Pharmacopeial compliance has often been erroneously perceived as a guarantee of performance for excipients, when in fact, compliance only establishes minimum safety and purity standards. Functionality transcends the molecular composition of the excipient or its particle form, and may depend on the application (reason for use), the formulation (effect of other ingredients), and the process (the details of how the API and excipients are combined together in a particular application). There is often a trade-off between competing formulation objectives, and a given excipient may be multifunctional in a particular application.
Because excipient functionality or performance is application-specific, it can only be properly assessed in the particular application. However, manufacturing a test batch of product for every excipient lot received is not an economical option. Thus, surrogate tests are necessary whereby some type of test—often physical, but sometimes chemical—that correlates with performance in the medicinal product can be used to assess the suitability of a particular lot of an excipient or API.
Most in industry agree that surrogate testing may be necessary and appropriate. Opinion is divided, however, as to the best approach to use. Two approaches to such testing have been proposed. The European Pharmacopoeia (Ph. Eur.) has introduced a nonmandatory Functionality Related Characteristics (FRCs) section to some individual monographs. FRCs, however, as advocated by the pharmacopeia may not be relevant to functionalities in all cases, and they run the risk of overspecification beyond what is required for use in a particular application.
For example, lactose is included in hundreds of dry-powder systems for film coating. The dry powder formulation is reconstituted in water to form the film coating suspension that is then sprayed onto the tablets. One FRC for lactose is particle-size distribution. In this film-coating application, the lactose is used to help disperse the other components and promote the hydration of the powder mix. Particle-size distribution is not particularly relevant in this application because the lactose is dissolving. Obviously, lactose particle size may have an influence on the rate of dissolution of the lactose, but in the context of the application, the effect is not relevant because the hydration of the polymer takes considerably longer than even the coarsest grade of pharmaceutical lactose would take to dissolve. Unfortunately, even though the FRC section of the Ph. Eur. clearly states that the test is nonmandatory, customers frequently demand the information. Many customers consider the monograph specification to be mandatory, even if the particular test is included in the FRC section.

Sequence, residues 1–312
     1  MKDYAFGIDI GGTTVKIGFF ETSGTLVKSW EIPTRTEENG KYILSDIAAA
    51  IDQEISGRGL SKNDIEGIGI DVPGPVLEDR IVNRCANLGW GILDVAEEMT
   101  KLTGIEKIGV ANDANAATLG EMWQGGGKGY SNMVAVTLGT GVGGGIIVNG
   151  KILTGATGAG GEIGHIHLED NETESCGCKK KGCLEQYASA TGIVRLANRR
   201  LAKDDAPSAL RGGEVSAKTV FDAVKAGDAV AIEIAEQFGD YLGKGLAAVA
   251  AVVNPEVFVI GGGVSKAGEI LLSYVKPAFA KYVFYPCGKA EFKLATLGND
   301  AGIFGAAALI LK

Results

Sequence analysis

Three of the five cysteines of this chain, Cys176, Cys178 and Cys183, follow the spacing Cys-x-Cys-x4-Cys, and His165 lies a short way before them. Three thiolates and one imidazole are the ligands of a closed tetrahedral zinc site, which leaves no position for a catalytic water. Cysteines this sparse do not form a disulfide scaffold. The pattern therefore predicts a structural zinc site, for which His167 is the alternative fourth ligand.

The United States Pharmacopeial Convention (USP) is proposing a new general chapter on excipient performance, General Chapter <1059>. A first draft was published as a "Stimuli to Revision" article in 2007 (3). Based on received comments, USP revised and published a second version of the chapter as an in-process revision in 2009 (4). USP's general-chapter approach is considered more useful because it addresses the relevant attributes pertinent to an excipient application rather than trying to arrive at a set of tests for FRCs that will be applicable for all the typical uses of a particular excipient.
For example, microcrystalline cellulose (mcc) is frequently used in solid dose forms as a filler/binder and disintegrant, and also to improve the rheological properties of the wet mass in wet granulation and extrusion-spheronization. Mcc can also be used, however, in aqueous suspensions as a suspension stabilizer (auxiliary suspending agent) to provide a sufficient disperse phase to make the suspension more stable. The FRCs for Microcrystalline Cellulose Ph.Eur. are particle-size distribution and powder flow. Powder flow is irrelevant to the ingredient's use as a rheology modifier or suspending aid. However, because powder flow is included in the monograph, customers will often request it, despite the fact that the fine-particle grade used in aqueous suspensions does not flow like a powder because it is very fine and cohesive.